Services and Modeling for Embedded Software Development
Embecosm divider strip
Prev  Next

2.2.1.  Hardware and Software Views of Parallelism

To understand transaction level modeling, it is essential to understand the difference in approach to parallelism taken in hardware and software design.

A hardware engineer, typically writing in a Hardware Description Language (HDL) such as Verilog or VHDL, describes a design as a collection of parallel activities, which communicate via shared data. The parallel activities are always (Verilog) or process (VHDL) blocks. The shared data structures are wires or signals.

This follows very naturally the way that physical hardware behaves. There is no one flow of control—all parallel components are active at the same time, with their individual flow of control.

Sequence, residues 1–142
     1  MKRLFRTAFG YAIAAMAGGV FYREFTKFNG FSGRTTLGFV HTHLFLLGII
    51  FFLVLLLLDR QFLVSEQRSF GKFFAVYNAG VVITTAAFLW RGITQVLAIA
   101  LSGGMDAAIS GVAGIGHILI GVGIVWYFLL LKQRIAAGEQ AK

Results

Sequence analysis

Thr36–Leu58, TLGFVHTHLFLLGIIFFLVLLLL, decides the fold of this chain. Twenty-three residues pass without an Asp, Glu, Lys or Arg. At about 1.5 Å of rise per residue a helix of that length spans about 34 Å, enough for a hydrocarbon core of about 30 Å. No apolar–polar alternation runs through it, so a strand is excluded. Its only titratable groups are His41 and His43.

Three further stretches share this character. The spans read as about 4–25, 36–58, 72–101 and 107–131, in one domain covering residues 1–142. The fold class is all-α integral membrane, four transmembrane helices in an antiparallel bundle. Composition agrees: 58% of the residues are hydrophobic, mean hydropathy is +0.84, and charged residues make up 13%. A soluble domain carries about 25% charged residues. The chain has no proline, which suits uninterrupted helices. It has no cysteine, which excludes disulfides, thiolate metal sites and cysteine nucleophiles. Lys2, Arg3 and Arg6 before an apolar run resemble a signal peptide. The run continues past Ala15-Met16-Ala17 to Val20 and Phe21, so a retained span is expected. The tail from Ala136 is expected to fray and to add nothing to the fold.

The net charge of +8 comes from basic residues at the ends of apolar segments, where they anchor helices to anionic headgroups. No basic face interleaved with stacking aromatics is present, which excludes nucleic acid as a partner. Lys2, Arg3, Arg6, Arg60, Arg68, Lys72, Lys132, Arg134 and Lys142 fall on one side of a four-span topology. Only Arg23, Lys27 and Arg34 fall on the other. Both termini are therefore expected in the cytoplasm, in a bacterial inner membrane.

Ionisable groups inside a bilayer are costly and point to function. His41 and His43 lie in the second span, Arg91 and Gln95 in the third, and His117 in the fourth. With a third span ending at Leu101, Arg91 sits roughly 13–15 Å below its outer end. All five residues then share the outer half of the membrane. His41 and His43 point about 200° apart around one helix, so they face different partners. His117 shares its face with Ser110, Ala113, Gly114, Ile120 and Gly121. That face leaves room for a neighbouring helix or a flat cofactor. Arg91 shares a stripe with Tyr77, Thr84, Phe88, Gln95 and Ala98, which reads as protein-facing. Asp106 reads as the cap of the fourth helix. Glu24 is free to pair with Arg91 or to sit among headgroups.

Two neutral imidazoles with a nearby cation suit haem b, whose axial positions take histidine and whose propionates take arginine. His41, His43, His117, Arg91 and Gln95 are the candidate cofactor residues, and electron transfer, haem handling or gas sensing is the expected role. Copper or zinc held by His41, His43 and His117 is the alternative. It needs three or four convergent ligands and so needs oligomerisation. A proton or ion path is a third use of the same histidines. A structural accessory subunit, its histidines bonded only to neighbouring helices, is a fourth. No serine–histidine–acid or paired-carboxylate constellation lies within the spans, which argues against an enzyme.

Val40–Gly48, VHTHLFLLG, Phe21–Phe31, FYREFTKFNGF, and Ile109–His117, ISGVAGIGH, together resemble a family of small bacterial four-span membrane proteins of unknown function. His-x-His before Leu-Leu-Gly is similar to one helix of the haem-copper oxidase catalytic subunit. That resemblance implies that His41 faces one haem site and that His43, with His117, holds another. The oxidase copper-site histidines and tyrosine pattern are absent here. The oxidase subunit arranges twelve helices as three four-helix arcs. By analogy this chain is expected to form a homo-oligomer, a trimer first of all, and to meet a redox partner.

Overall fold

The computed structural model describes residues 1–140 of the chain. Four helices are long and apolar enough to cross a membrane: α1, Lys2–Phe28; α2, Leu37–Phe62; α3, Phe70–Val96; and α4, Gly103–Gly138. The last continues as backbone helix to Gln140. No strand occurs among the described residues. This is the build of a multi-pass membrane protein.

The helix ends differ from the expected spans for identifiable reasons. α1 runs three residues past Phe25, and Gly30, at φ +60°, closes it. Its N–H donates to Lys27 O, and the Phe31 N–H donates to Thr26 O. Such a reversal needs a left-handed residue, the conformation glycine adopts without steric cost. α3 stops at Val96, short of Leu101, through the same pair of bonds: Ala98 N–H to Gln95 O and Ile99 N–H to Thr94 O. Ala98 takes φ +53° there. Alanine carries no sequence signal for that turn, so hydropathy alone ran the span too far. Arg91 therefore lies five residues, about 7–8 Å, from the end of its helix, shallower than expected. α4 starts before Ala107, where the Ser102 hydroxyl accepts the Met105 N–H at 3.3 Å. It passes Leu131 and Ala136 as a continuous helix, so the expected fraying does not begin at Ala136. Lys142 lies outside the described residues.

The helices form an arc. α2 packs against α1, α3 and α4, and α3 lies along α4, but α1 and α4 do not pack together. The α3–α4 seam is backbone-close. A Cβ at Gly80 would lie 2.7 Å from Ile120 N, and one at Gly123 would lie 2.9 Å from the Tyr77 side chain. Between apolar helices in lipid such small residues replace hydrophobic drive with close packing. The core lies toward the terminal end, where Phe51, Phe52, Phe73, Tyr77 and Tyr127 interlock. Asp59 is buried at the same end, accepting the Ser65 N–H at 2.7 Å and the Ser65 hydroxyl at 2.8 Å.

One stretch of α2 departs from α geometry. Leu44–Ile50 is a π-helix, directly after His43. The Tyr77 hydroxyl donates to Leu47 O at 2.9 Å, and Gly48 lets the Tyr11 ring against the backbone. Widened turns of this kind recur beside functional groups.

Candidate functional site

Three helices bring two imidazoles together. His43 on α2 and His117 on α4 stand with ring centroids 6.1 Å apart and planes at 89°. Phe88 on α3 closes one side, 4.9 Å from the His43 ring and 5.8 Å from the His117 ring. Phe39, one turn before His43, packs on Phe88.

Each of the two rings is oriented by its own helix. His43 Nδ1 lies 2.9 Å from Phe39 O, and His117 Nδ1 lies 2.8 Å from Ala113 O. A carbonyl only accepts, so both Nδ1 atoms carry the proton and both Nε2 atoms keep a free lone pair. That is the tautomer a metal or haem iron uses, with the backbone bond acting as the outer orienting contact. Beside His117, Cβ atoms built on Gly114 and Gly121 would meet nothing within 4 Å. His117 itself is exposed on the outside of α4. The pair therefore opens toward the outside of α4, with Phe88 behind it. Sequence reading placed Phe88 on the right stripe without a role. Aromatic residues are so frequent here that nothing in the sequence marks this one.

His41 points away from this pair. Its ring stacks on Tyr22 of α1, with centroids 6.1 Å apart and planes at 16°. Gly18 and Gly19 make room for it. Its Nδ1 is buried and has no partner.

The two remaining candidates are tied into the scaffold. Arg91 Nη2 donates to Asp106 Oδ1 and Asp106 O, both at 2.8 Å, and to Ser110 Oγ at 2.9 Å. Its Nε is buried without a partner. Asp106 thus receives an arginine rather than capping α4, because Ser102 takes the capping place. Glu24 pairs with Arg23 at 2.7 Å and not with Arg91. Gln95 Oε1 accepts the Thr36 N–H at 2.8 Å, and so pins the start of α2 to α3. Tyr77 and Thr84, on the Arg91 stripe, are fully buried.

By contrast, a software engineer typically describes parallelism in a design as a number of threads, which pass flow of control between them. The threads communicate by a number of mechanisms (message passing or remote procedure call for example), but although there is logical parallelism, only one thread is ever physically active at one time.

This follows naturally the behavior on a conventional uni-processor CPU, where there is a single program counter indicating the next instruction to execute, and so only one flow of control. Even with modern multiprocessors, this is still a natural way of programming for the software engineer, because the number or threads or processes will often exceed the number of processor cores available.

Embecosm divider strip